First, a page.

This unit group includes those who provide services to management such as analyzing the operations, managerial methods or functions of an organization in order to propose, plan and implement improvements, or analyzing advertising needs and developing appropriate advertising plans. They are employed by management consulting firms, advertising agencies and throughout the public and private sectors or are self-employed.

Job prospects in this occupation are good.  Over the past few years, the number of professional occupations in business services to management has increased sharply. The development of new management concepts, the search for increased productivity as a response to international competition, changes to corporate structure and work organization methods, heightened quality demands and the growth in sub-contracting largely account for this growth. As it is expected that these trends continue, the number of professional occupations in business services to management should continue to rise sharply in the next few years.

For a complete profile of this and other occupations, visit Career Cruising http://public.careercruising.com/ca/en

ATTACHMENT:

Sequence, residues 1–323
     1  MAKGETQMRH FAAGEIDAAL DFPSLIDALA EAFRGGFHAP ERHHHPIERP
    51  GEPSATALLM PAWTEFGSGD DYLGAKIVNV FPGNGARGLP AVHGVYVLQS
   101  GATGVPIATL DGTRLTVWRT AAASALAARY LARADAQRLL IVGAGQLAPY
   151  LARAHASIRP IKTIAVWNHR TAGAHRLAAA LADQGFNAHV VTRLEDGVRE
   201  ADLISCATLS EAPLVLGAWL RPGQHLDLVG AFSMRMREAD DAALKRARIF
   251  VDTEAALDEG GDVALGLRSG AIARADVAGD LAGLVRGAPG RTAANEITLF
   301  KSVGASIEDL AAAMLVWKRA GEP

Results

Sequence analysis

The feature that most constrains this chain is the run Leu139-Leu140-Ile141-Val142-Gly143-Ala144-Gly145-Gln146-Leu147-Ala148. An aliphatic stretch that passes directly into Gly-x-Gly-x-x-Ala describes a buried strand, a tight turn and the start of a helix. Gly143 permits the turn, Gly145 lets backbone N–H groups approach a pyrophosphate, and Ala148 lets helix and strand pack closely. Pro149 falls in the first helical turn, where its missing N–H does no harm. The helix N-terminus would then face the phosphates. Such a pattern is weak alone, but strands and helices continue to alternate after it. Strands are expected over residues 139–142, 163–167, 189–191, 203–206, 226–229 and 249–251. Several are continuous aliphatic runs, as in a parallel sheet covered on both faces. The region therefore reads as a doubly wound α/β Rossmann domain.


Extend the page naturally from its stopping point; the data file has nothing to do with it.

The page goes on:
Please first login at the top of this page Career Periodicals & Databases http://www.mcgill.ca/caps/students/resource-centre/database to obtain the username and password for Career Cruising


Lisa’s Corner

MyWorldAbroad http://www.myworldabroad.com/mcgill

Do you want to work, intern, volunteer, teach, study or travel abroad?  MyWroldAbroad (formally known as The Big Guide to Living and Working Overseas) is the authoritative guide on international careers.   It has 4,000 searchable resources, 300 expert articles and inspiring student stories.  The site offers NGO listings, international internship job boards, working vacation listings, teaching English job boards, and practical advice to travel smart.  To access the website’s resources, you must first register with your McGill e-mail address.